Cooling electronic boards can be a huge challenge, especially where powerful systems need to be ready for fanless operation. Dissipating heat using a purely mechanical coupling is expensive and consumes valuable real estate, not to mention that the boards need to be specially designed for this cooling concept from the start.
The transfer of excess heat from its place of origin to the heat-absorbing medium is much like thermal resistance found in a series of resistors. Every layer adds thickness to the total thermal resistance, depending on its material and surface. For an IC, for instance, this is the package filling, the heat conducting film, and the heatsink. Obviously, the higher the thermal conductivity of the layers involved in the transfer is, the more efficient is the cooling.
Traditional ways to improve thermal management include simple convection cooling, where air flow is guided along the surface to be cooled. But you also run the risk of that air introducing impurities and liquids into the device that can damage the system. Although filtering equipment is available, you have then added more components that could potentially wear out and require additional maintenance over the life of the system. Simple convection cooling isn’t so simple anymore.
Conduction cooling, on the other hand, doesn’t require air flow. It essentially uses the system structure and existing components to turn the enclosure into a radiator, drawing heat away from the system to reduce thermal effects. Positioning is key in this cooling method, since system components need to be placed correctly to facilitate heat transfer. And, there needs to be enough contact points and dissipation area to accommodate all the heat generated.
Building On Tradition
While conventional conduction cooling is useful for individual printed-circuit boards (PCBs), 19-in. racks with multiple boards preclude the cards’ surfaces to connect directly to the enclosure wall. The increasingly dense embedded systems being built today are requiring more and more components, boards, and complexity, which all equals more heat that needs to be dissipated from deeper within the system.
System designers need to find alternative methods to get the heat out of the system, such as building upon the principles of conduction cooling. This could help improve heat dissipation in areas such as the contact surface between the plug-in board and guide rails to draw heat out from deeper within the system.
In one implementation of this design, an aluminum board assembly fits over the critical heat areas, essentially extending the overall conduction-cooling principles. Another way uses the actual component contact surfaces on the PCB to transfer heat through additional copper layers inside the PCB. Of course, both impact the available surface for component placement and determine the number of copper layers, so these methods need to be undertaken at the onset of PCB design.
But what about existing boards? Can we use these concepts for already designed implementations? If we accommodate for slightly more rack space than required for traditional boards, it can be done.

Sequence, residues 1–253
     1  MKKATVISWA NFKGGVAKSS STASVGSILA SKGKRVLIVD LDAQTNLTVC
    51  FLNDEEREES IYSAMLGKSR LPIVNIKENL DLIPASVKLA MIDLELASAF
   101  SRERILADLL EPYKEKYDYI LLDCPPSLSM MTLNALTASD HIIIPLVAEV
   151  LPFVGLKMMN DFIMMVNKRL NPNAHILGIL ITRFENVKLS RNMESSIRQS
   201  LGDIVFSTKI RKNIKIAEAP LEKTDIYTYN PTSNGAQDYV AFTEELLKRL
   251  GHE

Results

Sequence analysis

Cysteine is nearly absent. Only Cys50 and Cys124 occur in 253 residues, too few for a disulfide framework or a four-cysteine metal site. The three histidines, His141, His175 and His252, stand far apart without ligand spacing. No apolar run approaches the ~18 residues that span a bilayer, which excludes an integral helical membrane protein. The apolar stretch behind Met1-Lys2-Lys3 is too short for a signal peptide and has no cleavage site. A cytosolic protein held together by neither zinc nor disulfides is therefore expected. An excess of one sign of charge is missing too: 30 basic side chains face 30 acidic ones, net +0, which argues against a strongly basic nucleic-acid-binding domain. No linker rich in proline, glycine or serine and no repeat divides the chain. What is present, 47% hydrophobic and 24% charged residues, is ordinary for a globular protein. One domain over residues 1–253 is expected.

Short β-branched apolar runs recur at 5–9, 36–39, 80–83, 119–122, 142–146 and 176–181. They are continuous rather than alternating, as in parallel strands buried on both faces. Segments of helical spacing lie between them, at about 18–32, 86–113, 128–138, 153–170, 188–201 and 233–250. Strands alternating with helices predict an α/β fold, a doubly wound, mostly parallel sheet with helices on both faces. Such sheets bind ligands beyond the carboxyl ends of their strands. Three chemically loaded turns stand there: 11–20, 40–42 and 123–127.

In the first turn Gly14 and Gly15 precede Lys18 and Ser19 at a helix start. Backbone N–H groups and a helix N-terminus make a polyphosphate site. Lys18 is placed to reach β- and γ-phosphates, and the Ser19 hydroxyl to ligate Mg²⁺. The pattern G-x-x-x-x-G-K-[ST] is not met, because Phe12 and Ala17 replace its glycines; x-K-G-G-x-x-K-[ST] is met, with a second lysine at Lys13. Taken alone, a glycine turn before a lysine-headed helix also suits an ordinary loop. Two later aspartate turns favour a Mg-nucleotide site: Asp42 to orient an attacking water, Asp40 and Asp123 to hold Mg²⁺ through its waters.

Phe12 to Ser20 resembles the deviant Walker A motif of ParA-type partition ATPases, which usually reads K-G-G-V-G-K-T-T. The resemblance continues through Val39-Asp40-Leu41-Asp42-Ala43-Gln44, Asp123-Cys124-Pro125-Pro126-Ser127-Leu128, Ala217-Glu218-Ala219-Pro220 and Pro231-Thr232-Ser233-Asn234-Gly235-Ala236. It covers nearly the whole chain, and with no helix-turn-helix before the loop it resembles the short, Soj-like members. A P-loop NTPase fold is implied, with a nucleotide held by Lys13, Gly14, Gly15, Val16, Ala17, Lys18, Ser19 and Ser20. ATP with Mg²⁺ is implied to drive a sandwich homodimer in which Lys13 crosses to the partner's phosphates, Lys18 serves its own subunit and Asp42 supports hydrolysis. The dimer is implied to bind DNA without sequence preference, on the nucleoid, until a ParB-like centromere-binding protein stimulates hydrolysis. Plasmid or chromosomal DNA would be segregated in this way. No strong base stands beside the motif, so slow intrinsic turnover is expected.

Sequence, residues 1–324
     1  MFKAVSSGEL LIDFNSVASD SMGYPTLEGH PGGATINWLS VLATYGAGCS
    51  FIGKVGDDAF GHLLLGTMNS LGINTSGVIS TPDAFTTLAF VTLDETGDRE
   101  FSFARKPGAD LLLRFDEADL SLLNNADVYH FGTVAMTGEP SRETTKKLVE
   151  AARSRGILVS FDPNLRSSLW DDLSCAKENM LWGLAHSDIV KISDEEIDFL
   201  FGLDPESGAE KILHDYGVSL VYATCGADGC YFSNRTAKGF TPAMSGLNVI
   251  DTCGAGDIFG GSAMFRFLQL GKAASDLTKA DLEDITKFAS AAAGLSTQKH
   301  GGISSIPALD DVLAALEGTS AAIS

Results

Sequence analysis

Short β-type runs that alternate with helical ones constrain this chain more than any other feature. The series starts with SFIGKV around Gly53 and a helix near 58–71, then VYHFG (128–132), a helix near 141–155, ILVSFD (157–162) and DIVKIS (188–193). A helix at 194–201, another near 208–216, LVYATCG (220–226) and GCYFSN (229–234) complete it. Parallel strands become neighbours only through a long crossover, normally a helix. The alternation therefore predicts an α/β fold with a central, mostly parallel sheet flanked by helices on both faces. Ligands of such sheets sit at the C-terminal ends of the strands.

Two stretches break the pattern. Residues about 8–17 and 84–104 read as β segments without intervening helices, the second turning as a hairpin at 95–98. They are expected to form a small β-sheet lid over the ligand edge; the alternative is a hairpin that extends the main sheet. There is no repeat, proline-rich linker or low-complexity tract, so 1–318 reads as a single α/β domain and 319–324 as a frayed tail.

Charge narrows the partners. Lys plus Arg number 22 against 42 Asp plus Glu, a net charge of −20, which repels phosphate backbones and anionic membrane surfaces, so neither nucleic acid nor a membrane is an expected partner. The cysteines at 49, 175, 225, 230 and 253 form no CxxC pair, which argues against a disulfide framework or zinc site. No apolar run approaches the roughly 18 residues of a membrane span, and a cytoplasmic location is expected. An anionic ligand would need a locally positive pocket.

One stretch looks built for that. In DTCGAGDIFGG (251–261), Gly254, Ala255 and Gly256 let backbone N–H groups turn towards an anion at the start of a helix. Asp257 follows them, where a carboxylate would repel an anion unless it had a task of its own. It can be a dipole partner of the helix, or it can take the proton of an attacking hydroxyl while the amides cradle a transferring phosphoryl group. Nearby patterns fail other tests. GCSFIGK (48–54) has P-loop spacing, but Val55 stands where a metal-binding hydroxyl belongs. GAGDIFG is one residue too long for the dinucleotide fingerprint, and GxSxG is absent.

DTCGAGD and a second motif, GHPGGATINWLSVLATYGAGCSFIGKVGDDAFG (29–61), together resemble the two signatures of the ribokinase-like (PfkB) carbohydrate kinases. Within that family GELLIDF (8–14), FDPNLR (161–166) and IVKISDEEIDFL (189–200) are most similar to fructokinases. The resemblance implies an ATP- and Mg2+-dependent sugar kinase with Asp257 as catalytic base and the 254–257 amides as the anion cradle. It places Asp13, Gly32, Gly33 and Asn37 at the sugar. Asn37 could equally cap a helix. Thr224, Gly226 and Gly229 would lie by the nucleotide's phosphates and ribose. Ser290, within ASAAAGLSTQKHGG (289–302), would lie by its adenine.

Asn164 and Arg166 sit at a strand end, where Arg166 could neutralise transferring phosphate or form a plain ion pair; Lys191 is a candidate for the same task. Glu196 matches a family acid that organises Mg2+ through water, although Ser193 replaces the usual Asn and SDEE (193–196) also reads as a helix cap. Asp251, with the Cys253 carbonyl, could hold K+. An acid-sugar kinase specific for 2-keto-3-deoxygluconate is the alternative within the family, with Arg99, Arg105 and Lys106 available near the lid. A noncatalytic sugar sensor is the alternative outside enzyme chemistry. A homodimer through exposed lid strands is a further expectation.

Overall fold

By using the guide rail area as an extension of the conduction-cooling method, the designer can clamp the PCB to an aluminum frame, which totally encloses the card. Even components at the bottom side can be thermally coupled to the frame, resulting in exceptional heat management.
Standard 3U Compact PCI boards can be installed in a special rack system and operate without convection cooling. And the benefits, compared to common conductive cooling technology, are great, too. Being standard products manufactured in larger volumes, the boards are considerably less expensive. A card also can host more functionality because the cooling infrastructure does not take away precious space.
Extending Cooling For Rugged Requirements
Many rugged applications require embedded systems to operate in extended temperature ranges. In addition to its inherent shock, vibration, and electromagnetic compatibility (EMC) attributes designed specifically for rugged applications, ANSI/VITA 59: RSE (Rugged System-On-Module Express in preparation with VITA, or ESMexpress) specifies an advanced cooling method standard.
The fanless cooling concept used in ESMexpress systems is a kind of hybrid configuration. By utilizing elements of both conduction and convection cooling, ESMexpress utilizes the best of both methods, allowing systems to remain reliable even in extended temperature ranges.
Reliable components are key to harsh, mission-critical applications. If an embedded system is being used in an application where computer failure would lead to a production standstill or loss of life, VITA 59-compliant products and the rugged characteristics the components embrace could be critical to system operability in rugged applications.
The Issue Is Just Heating Up
So, how will designers truly implement these alternative cooling methods? Will liquid cooling surpass all current methods? And just how much heat can be dissipated with these newer methods that build on the proven conduction-cooling concept?
The final result remains to be seen, but the future is clear. Thermal management in embedded systems will always be at the forefront of design, especially as components shrink in size, while adding more functionality, as full systems are required to process more data at fast rates and as embedded systems move into more rugged applications with extreme temperature requirements.
Barbara Schmitz, chief marketing officer of MEN Mikro Elektronik since 1992, is responsible for public relations and product positioning as well as development and coordination of global sales channels. She graduated from the University of Erlangen-Nürnberg. Later, she studied business economics in a correspondence course at the Bad Harzburg business school and followed an apprenticeship in Marketing and Communications in Nuremberg.